Sheesh. Don't they know who they're dealing with? I have a new obsession, without the aptitude or background to learn it easily or without a zillion questions and scenarios -- so don't mess with me! Pound me with information please!

However, perhaps more important in the training arena:

Tonight, Gabriel wanted me to go dig around in the garage for some toy he'd been missing for a while (an RC car I think). He'd been obnoxious at dinner, so I made him work for it: he had to help me, and a lot, to clean up dinner. I believe this should be old hat for an almost-10-year-old, but in practice in our lives, after dinner means shuffling kids off to bed or making up for homework not done before dinner. So they have no idea how -- or even that -- the kitchen gets cleaned up. It's just magic.

But thanks to Veteran's Day, tomorrow is not a school day, so Gabriel had extra time -- and thanks to wanting the RC car -- extra incentive -- to help. He rinsed dishes, loaded and started the dishwasher, swept the floor and took out the garbage. Yeah!!! This should happen every night -- if only we could get dinner done well before bedtime. He's quite capable of it, despite his complaints. And I won't always have such a strong motivator like an RC car. But boy was it good to see him doing some actual work for a change. And frankly, it was fun spending time alone with him and chatting with him while we worked together. He goes to bed a little later than the others, so I get some alone-time with him every evening and it makes my day, but we never spend it with him cleaning.

If only I had more time -- if I weren't so busy working and training -- I'd have a lot more time to train him -- and his entitled siblings -- to work! It'd be good for all of us.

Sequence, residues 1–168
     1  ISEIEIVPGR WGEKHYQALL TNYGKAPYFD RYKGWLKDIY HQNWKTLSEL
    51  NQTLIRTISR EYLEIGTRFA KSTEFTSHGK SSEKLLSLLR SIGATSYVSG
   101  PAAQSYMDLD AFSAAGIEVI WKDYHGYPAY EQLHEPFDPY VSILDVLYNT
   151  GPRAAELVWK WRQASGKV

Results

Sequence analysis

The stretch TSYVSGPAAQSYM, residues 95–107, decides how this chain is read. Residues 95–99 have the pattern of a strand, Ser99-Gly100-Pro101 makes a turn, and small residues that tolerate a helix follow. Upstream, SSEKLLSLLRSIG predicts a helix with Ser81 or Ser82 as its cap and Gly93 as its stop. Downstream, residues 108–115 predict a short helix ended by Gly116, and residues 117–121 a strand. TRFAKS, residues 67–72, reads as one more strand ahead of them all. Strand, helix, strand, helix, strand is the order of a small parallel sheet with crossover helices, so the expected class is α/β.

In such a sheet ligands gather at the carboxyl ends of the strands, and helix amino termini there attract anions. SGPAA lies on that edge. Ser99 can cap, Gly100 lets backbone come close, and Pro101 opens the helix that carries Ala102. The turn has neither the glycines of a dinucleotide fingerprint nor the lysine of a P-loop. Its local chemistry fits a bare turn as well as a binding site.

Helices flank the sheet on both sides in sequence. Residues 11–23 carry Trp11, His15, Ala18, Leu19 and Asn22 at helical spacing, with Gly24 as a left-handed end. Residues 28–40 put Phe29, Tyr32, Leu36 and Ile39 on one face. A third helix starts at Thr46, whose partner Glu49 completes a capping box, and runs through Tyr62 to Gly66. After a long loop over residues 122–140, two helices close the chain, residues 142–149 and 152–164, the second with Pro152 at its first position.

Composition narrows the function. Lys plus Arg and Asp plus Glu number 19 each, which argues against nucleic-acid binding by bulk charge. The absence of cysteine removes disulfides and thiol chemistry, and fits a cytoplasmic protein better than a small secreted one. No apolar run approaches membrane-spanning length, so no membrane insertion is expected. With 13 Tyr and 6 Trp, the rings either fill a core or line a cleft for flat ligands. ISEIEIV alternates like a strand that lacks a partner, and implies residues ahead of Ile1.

Wednesday, November 09, 2011

11/9/11 The training

I have so much more to say than what I'm about to write, but it's all I have the energy for right now.

This has been a weird week for me, since I've been attending a special training class at a company's headquarters conveniently located in Sunnyvale. Well, not SO convenient, since it's on the other side of Sunnyvale and is actually a with-traffic longer commute for me, but more convenient than some of my classmates. One flew from Tucson, and two others from Korea (!) to attend this class.

Sure would be nice if I weren't sick though. Sunday I was really not feeling well, then Sunday night, a temperature -- which I've pretty much had every morning and evening since. This evening is the first one since then that my temp reads normal and I don't feel chills and achy. If this holds, it means tomorrow will be my first morning at training class without fighting those chills and achiness too.

(Believe it or not, exercising has helped -- this class happens to be about 5 minutes away from the old gym I've belonged to since 1992, and I've been sneaking out at lunchtimes for a quick workout, which definitely helps!!)

Oh, OK, I'll quickly get this out: yesterday morning we met with Katrina's teacher for the first kindergarten conference. There's not much to say; Katrina's doing great. Her teacher says she's really quiet, and while slow with her work, she does finish. The only thing the teacher hoped to improve on is her social interaction, but she's not worried about it, and we're not either. Katrina just isn't a social butterfly type; she tends to be very independent and prefers smaller groups -- no surprise.

Her teacher did say also that the first time she tried to evaluate Katrina's reading, Katrina wouldn't answer basic questions, like the alphabet and sounds, so the teacher put aside the eval for a while and tried again later. The teacher saw that Katrina was reading fine, so tested her again, and this time Katrina was more cooperative and the teacher was able to evaluate that she's reading just fine.

The only other thing of note: I asked the teacher about Katrina's being on the young side, and the teacher said she can usually immediately identify the 4-year-olds who start kindergarten just by their behavior. Of course the teacher knows their birthdays, but she said that Katrina didn't exhibit that classic "oh yeah, that's a 4-year-old" behavior at all. That's a relief, because at home, she's still quite capable of throwing such an obnoxious tantrum that it brings the whole family down!

I really should be in bed by now, watching TV. Off I go!


Monday, November 07, 2011

11/7/11 Grumble!

Not again!